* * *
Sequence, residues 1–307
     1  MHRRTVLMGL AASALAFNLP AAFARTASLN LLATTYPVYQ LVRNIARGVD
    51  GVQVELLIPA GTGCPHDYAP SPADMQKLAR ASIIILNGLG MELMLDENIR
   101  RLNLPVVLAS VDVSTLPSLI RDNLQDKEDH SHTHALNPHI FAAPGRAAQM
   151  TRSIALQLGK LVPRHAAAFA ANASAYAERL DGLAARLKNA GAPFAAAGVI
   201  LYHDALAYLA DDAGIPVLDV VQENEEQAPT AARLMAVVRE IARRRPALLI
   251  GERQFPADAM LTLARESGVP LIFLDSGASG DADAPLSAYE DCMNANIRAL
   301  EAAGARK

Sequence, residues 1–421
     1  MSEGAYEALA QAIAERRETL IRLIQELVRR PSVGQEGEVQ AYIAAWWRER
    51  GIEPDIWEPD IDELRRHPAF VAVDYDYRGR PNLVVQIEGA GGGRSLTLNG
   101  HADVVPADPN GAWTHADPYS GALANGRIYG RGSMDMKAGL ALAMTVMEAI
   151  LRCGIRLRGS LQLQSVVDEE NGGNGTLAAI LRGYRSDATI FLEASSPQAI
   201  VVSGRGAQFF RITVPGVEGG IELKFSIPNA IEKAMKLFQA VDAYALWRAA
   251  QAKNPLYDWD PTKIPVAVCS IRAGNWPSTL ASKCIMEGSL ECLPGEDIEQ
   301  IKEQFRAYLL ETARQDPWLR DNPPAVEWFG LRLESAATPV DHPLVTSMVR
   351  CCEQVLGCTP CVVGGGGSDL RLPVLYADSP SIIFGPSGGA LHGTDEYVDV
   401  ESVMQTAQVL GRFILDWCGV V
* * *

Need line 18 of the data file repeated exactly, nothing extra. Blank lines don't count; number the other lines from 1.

   401  ESVMQTAQVL GRFILDWCGV V